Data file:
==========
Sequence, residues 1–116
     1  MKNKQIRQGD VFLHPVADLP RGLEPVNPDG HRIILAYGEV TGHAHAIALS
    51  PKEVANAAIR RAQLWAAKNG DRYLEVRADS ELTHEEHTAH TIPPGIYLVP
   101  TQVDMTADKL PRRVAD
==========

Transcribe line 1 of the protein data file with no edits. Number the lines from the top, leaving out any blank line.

Sequence, residues 1–116